Chanukkah also known as The festival of lights is an eight-day celebration beginning on the evening of the 25th of Kislev which is always four days before the new moon, the darkest night of the month.
We are celebrating two things on the surface: The miracle of one days supply of oil lasting for eight and the victory of the Jewish freedom fighters over the Syrian-Greek forces that tried to wipe out Judaism in the second century.
But there’s something much deeper going on beneath the surface. Why do we light a menorah?
In the beginning of creation, the light that the almighty created was so bright that it gave people such clarity they could see from one end of the world to the other. G-d then hid this light away for the righteous in the world to come. This light of G-odliness gave spiritual awareness, hence why on Shabbat, the 7th day of the week, the only day when the light was not retracted, G-d allowed the flow of divine light to penetrate the universe. We have this time to plug out of the physical and plug into a higher, spiritual awareness that brings us closer to our creator.
When Aahron, the high priest lit the menorah in The Beis HaMikdash, it was symbolic of that original light, just like the menorah in the temple had seven branches so too does our soul have seven ‘powers’ called middot – Chesed, Gevurah, TIferet, Netzach, Hod, Yesod and Malchus. Each of these attributes represents a different character trait we posses that truly reflects G-ds image. When Aahron lit the menorah he was igniting a spark within the soul of every Jewish person the desire to do these seven middot, to bring us closer to our G-dly image.
The midrash tells us that a fetus in the womb ‘has a candle on its head’ meaning the soul is so pure and has such clarity of the almighty and the spiritual realms but when we are born our soul becomes incorporated into this physical world where our divine spark can become dim and its illumination hidden. It is our job to battle this spiritual war within all of us and kindle the flame that blazes brightly bringing us another level closer to G-d and flooding the darkness of this world with our light.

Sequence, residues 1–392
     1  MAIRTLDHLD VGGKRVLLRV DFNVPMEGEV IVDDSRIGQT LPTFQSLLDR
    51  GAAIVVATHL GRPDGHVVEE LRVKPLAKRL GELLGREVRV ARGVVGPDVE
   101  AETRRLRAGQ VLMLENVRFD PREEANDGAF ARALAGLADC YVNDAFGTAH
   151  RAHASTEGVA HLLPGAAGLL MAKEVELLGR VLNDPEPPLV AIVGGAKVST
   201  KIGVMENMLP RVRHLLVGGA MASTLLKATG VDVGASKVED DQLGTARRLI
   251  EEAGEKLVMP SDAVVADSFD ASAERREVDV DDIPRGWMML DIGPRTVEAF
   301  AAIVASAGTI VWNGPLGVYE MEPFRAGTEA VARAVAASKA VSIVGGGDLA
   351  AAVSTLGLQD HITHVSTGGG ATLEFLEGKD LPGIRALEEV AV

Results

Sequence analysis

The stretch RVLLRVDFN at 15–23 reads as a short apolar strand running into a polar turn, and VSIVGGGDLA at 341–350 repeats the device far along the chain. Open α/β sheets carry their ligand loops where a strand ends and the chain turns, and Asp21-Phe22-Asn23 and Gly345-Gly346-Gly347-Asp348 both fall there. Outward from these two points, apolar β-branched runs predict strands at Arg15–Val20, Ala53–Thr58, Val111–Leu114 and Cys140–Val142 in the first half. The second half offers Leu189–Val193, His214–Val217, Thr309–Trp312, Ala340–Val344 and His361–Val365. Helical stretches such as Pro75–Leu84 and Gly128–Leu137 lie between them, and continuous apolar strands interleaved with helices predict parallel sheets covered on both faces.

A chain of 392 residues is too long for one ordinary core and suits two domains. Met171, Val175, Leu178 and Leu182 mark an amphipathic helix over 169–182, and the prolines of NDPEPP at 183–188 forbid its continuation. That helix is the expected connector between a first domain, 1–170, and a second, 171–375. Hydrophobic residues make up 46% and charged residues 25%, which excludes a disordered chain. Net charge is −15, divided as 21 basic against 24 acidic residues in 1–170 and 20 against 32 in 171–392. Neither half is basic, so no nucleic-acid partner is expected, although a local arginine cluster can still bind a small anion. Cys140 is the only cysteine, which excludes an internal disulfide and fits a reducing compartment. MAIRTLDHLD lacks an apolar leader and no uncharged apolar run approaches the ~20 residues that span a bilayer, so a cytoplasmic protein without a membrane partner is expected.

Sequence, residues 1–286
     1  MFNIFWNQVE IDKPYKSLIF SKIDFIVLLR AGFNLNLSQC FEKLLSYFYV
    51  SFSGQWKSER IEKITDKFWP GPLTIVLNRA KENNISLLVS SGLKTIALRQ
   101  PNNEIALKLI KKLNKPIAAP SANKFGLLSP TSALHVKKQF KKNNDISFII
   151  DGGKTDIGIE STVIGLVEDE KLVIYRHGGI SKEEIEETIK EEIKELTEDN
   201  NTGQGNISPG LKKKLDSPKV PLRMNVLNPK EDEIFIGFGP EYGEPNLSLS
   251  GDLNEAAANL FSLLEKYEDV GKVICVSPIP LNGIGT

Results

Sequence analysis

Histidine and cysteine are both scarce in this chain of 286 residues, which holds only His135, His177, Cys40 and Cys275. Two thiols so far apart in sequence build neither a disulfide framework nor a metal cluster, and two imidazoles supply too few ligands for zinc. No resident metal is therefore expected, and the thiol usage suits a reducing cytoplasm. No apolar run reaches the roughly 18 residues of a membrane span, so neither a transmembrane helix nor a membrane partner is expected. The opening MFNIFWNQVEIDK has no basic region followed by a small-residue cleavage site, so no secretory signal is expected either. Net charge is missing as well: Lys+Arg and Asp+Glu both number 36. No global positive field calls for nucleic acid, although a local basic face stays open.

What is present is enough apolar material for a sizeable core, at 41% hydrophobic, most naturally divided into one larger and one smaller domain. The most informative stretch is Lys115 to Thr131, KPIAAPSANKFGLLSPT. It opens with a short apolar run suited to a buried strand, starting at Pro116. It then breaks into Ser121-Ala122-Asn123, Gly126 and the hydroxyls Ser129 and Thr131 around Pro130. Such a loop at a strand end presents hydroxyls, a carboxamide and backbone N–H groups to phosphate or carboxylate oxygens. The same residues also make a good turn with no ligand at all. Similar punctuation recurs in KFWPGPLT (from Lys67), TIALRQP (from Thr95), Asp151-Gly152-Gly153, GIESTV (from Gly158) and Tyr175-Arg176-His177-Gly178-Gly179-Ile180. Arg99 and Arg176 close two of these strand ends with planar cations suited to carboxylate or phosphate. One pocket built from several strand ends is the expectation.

This is why it was the descendants of Aahron – The Priests that served in The Beis Hamikdash that were the ones to defeat the Syrian-Greek forces because it was not a fight for territory or to kill the physical, it was a fight to kill the spiritual, to kill our Judaism.
The soul of man is described as the lamp of G-d because we have the power to transcend the physical and generate light with every mitzvah we do and live a life guided by the paths that allow the transcendental/Divine energy to enter into our material world.
Lastly we see in Lecha Dodi it is written ‘Sof ma’aseh bemachshavah techilah’ – The end deed emerges with the first thought. The first thought is the prayer that follows candle lighting – the degree to which our physical enjoyment is goes hand in hand with our spiritual concentration at candle lighting.
Happy Hanukkah and Shabbat Shalom!
Gemma Klatzko and the Shabbat.com team
Wishing family in Monsey a Yom Tov during this great Thanksgisgivvikah season!
Love, Catherine, Family Nurse Practitioner, New Jersey